Is victory in Ukraine a vindication of liberalism?
Or is nationalism the great winner?
‘Last week, at a bar counter, I cycled through three small pours of white wine to find the right pairing for a mackerel and dill starter. I left in some pique at having failed to nail it. Don’t blame Occidentalists for questioning the mettle of a society of such risible comfort. We who live here don’t understand it either, which is why the decadence thesis haunts us with its intuitive plausibility.’
It’s because of passages like this that Janan Ganesh is one of my favourite writers. It’s not just because of his beautiful prose, but also his lack of pretence. While most columnists claim to be more earthy and shy away from being ‘the elite’, the Financial Times writer is an unapologetic metrolib who believes the life of the supposedly atomised globo-citizen is more fulfilled and meaningful, and honestly says so. And he’s often convincing.
Ganesh believes in liberalism, and most recently argued that the superiority of western liberalism helps explain Russia’s failure in Ukraine. The West is not as decadent as its enemies believe, a point that Noah Smith also made in a recent substack. Describing the liberal v illiberal visions of the world, Smith wrote that ‘a lot of it is simply about conquerors vs. defenders. There’s a clear difference between the vision of a world where “the strong do what they can, and the weak suffer what they must”, and the vision of a world where every country is free to determine its own destiny.’ To be liberal in terms of geopolitics means ‘upholding the idea that we now call “Westphalian sovereignty” (even though its connection to the actual Peace of Westphalia is tenuous).’
I’m delighted that Ukraine has done so well and, like many, I’ve been moved by the courage and sacrifice of the Ukrainians, a country many expected to crumble. But I would question whether the war has shown the strength of ‘liberalism’, as such.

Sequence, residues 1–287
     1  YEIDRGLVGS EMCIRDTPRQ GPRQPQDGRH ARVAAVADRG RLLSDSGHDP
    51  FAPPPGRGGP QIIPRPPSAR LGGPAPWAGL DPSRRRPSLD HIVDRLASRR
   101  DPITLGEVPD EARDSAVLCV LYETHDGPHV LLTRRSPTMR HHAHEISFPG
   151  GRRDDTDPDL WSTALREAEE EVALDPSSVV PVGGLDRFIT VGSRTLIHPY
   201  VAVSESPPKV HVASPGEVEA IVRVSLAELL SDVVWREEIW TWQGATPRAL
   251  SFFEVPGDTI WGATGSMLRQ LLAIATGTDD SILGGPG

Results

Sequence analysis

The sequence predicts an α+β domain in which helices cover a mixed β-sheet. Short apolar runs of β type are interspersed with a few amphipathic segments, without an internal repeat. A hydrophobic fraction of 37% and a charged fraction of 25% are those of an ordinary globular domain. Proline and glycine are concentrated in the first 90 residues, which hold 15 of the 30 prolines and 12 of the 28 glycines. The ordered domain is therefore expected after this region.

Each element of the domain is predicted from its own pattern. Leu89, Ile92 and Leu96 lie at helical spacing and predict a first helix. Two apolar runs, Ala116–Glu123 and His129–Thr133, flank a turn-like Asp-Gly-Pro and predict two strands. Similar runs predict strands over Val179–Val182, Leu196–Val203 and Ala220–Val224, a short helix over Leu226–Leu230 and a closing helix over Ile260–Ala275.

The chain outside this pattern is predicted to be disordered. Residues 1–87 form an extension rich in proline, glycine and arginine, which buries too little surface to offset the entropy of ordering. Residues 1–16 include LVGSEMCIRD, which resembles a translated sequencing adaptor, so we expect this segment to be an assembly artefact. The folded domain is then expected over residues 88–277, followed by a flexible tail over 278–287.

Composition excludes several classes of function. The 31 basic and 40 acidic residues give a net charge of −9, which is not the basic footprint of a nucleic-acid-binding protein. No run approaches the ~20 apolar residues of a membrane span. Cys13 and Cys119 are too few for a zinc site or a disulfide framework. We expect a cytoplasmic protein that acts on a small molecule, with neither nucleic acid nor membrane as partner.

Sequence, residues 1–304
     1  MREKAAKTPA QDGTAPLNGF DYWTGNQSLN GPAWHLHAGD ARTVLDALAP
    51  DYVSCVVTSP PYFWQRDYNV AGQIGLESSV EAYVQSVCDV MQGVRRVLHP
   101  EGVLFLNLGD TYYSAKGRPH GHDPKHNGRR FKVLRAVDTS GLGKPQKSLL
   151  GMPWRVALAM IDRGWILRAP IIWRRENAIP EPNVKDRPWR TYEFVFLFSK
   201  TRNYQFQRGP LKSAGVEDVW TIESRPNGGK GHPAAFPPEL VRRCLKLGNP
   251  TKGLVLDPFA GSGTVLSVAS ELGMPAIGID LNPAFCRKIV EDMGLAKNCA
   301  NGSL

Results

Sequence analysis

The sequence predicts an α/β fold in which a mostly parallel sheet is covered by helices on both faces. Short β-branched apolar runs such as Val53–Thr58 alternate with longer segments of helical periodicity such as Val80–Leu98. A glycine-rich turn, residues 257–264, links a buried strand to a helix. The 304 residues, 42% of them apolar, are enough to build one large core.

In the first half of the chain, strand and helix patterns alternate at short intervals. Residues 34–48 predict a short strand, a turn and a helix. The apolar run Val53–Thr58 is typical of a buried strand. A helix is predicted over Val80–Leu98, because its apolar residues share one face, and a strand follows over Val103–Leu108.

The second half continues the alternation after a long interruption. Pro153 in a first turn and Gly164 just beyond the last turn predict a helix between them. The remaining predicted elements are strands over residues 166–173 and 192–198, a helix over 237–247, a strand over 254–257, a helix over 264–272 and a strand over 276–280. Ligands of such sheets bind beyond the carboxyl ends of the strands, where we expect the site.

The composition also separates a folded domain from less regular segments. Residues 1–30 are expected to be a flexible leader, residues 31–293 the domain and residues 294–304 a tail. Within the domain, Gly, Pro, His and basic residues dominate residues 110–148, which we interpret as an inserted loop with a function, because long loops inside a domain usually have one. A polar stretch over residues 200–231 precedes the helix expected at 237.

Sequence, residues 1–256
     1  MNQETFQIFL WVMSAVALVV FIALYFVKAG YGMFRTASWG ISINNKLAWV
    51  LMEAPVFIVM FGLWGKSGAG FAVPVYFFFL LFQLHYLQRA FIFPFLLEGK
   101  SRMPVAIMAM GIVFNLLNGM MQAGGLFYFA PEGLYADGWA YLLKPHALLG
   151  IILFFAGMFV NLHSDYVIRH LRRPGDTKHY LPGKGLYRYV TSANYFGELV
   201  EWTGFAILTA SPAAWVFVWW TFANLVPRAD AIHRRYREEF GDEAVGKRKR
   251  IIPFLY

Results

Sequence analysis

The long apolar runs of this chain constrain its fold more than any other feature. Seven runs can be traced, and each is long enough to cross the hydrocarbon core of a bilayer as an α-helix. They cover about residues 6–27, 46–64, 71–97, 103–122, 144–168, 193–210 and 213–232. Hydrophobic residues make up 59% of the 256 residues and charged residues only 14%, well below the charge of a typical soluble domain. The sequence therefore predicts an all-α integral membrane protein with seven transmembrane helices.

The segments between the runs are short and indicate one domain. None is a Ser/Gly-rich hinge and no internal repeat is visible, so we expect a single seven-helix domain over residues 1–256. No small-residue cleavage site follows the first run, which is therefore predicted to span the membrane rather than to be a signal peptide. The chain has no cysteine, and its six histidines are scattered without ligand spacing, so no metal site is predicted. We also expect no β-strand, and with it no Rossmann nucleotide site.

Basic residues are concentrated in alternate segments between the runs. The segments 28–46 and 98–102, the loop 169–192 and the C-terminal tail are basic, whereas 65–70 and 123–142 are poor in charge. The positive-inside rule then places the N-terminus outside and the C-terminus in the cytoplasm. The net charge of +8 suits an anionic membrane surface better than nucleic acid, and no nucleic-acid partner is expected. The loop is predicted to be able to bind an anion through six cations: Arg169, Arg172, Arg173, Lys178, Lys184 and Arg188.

Facing the question of whether we are in fact too decadent to fight, western Europeans haven’t really been tested; the winter hasn’t even begun. The West has been fairly resolute in its opposition to Russian aggression, but all the serious work has been done by Ukrainians and, if they are fighting to be part of the West, they might not have a vision of it that matches many English-speaking writers. It is not liberalism being vindicated, but nationalism.
When Volodymyr Zelensky gave his powerful ‘without you’ speech, was that an ode to liberalism or the idea of Ukrainians as a people apart?
When Ukrainians pay tribute to Winston Churchill, declaring that ‘We shall fight everywhere — on heaps of debris, on the banks of the Kalmius and Dnipro, and we shall never ever surrender’, are they stating their loyalty to abstract principles or seeing themselves as an embattled people facing a hostile neighbour?
When victorious Ukrainian soldiers sing together their national hymn, are they united in their love of western values, or for their desire to fight for Ukraine, their homeland?
Before the invasion Ukraine was riddled with corruption, indeed the most corrupt country in Europe, placed 122nd globally on Transparency International’s index. High corruption levels tend to indicate low levels of patriotism, and an absence of civil society one expects from post-communist states; Ukraine is for historical reasons deeply split between east and west, while many of its citizens have an ambiguous sense of nationality, the division between Russian and Ukrainian not always being clear.
Yet Ukraine has surprised the world with its desire to fight, a desire clearly fuelled by nationalism.